As a medicinal chemist and project leader for a large (Top 5 in sales) pharma company this in fact did/does happen. Projects would be “parked” because some upper management VP (marketing) did not feel the market was large enough for a particular medication (not worrying about whether the treatment would actually be beneficial). This may not happen in every instance; but I know for a fact that on several occasions the prioritization based on blockbuster sales does in fact happen. The altruistic opinion that pharma executives just simply look at unmet medical need is naive, comical and flatly wrong.


    July 19, 2011 at 5:33 pm

    • Thanks for a frank expression of your views. I have only worked at one company in my career and so perhaps my views are skewed. To be candid, I always welcomed commercial input for our discovery research portfolio. Scientists don’t have a background in this field. The commercial insights as to what was needed in a new compound to truly distinguish it from existing and future therapy was important. It is not unusual for a scientist to say: “There’s a new mechanism that seems to play a role in elevating blood pressure. We should go out and get an inhibitor of this mechanism and we’ll have a big drug.” The commercial colleague would invariably say: “Why do we need a new pill to lower blood pressure? In 12 years when you MAY have a compound approved by the FDA, you will be competing against generic versions of some of the safest, most effective and best-known drugs of all time. How will you distinguish your compound?” If you answer was simply that it’s a totally new agent and that it should be interesting, you’d be excused from the room!

      However, it must be stressed that in discovery research, it takes the same amount of resources to discover a drug to treat an orphan disease as it does to discover a drug to treat millions of people. Given the size of a company like Pfizer, we obviously focused on the latter.
      Let me give you some examples of programs that I was involved with that show that research priorities were not set solely by blockbuster potential. Pfizer had a successful antifungal program that resulted in Diflucan (fluconazole) which was a blockbuster in terms of sales. The team next pursued an antifungal which was designed to go after tough-to-treat fungal infections. This led to Vfend (voriconazole). Commercial was never very high on this project and sales projections were underwhelming. However, it was thought that this would be an important medicine for physicians and patients. As often happens, Vfend turned out to be a life-saving compound whose sales in 2010 were $825 millon.
      A similar story can be told for Chantix (varenicline). Sales projections for this smoking cessation compound were abysmal. The commercial division let it proceed because they thought it was an important compound for physicians to have in order to help patients stop smoking. It turned out to be more successful than was envisioned and 2010 sales came to $755 million. Not bad for a niche product.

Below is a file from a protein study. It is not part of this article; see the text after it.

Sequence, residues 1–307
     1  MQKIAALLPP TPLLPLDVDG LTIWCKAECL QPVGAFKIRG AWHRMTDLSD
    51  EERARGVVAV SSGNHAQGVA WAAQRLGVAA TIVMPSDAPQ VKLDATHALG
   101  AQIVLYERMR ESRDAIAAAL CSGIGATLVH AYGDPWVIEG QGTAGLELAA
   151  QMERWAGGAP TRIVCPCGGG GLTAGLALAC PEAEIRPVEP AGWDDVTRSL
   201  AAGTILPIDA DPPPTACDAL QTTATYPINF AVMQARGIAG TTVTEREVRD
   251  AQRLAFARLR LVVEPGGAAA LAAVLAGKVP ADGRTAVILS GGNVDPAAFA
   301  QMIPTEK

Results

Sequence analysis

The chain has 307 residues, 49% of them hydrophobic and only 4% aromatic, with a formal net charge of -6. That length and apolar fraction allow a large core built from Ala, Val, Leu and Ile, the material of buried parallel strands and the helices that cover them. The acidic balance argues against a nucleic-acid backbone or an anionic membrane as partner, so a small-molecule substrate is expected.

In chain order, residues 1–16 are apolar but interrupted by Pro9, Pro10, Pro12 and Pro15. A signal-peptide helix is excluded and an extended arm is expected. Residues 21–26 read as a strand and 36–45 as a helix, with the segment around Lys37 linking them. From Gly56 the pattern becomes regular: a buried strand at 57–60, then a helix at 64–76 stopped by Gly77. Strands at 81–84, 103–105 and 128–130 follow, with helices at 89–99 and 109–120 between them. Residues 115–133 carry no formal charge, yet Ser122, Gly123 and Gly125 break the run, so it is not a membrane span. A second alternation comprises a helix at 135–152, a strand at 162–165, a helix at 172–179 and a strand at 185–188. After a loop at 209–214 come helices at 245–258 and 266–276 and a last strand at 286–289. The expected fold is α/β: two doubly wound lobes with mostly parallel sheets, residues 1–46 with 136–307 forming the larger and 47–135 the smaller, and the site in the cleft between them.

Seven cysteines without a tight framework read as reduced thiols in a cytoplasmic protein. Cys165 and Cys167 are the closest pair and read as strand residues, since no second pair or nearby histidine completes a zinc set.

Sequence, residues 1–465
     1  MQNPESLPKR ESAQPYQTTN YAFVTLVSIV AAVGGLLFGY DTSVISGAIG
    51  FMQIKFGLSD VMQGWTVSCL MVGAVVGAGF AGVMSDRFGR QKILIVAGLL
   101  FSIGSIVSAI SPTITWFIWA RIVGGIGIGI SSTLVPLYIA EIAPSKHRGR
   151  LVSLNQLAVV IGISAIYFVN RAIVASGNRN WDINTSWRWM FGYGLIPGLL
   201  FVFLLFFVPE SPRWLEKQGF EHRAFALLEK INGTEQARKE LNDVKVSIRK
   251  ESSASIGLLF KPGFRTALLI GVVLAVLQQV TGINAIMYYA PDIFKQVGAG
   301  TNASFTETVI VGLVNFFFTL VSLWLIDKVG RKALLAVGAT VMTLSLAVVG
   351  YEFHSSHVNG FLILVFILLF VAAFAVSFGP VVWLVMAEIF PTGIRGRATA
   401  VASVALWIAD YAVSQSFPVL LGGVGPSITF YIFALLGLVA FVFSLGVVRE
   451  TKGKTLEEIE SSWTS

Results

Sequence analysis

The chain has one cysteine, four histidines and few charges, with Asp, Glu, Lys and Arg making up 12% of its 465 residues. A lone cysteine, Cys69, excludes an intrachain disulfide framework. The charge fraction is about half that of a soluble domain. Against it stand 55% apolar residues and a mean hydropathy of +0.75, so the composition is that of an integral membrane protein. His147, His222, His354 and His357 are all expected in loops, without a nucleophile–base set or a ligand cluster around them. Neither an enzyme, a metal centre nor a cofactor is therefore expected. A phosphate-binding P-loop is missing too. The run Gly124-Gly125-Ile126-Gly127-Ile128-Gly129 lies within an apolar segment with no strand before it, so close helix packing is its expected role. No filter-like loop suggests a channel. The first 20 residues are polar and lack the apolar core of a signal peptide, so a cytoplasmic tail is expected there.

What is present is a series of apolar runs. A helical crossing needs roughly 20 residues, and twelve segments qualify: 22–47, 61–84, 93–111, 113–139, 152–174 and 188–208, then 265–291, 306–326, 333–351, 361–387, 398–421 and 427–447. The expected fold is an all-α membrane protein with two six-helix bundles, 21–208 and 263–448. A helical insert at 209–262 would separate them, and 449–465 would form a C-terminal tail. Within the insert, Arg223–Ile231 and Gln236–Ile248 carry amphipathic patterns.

But perhaps the most interesting example is with the JAK-3 inhibitor, tasocitinib. This program was originally begun to find a compound that dampened down the immune system in such a way that it would prevent the rejection of transplanted organs (heart, kidney, liver) more effectively and in a safer way than existing therapy. Again, this was thought to be a niche opportunity. However, when early clinical trials looked encouraging, we decided to explore the use of tasocitinib in another autoimmune disease, rheumatoid arthrits. The results proved very exciting and the clinical program focused on this indication. While not yet approved, I have seen sales projections for tasocitinib by marketing analysts of $ 2 – 4 billion.
      The point that I am trying to make is that you can’t base a discovery research portfolio solely on the premise that every project is going to yield a blockbuster. Historically, blockbusters have proven difficult to predict and if you base your program selection only on this you’ll make a lot of poor choices. What you must do is have programs that are founded on a strong scientific rationale, that meet a significant medical need and which can lead to an improvement over exiting therapies.
      In 1950, George Merck said, “We try never to forget that medicine is for the people… If we do that, profits will follow.” I believe that this is still true.


      July 19, 2011 at 8:30 pm

  2. One more point, I do not fully believe your assertion that it costs just as much to develop a drug for an orphan disease as it does to treat millions of people. The discovery costs, maybe – but that is a small portion of the total cost. The clinical trial cost would be widely different. A drug to treat an orphan disease would not have the same enrollment numbers as one that treats millions of people. Thus, the overall costs would not be the same.


    July 21, 2011 at 2:50 pm

    • My comments were meant solely for the discovery research end. Obviously, development costs are going to be way lower for an orphan drug than one intended for broad usage.


      July 21, 2011 at 5:10 pm

  3. The discovery costs are a fraction of the total costs, so it makes a major difference to your argument.

    BTW, where did my other comment go?


    July 21, 2011 at 5:16 pm

  4. The first block buster (Tagamet) was deemed by sales and upper management of SK&F to have annual sales of no more than $200 million. Their reasoning? Peptic ulcers could be treated surgically.


    July 26, 2011 at 3:41 pm

    • Russ,
      It is always difficult to predict sales of a drug accurately, particularly when the new drug is a first-in-class therapy. At Pfizer, it was though that Tagamet sales would never reach $100 million for the same reason you give. – John


      July 26, 2011 at 5:17 pm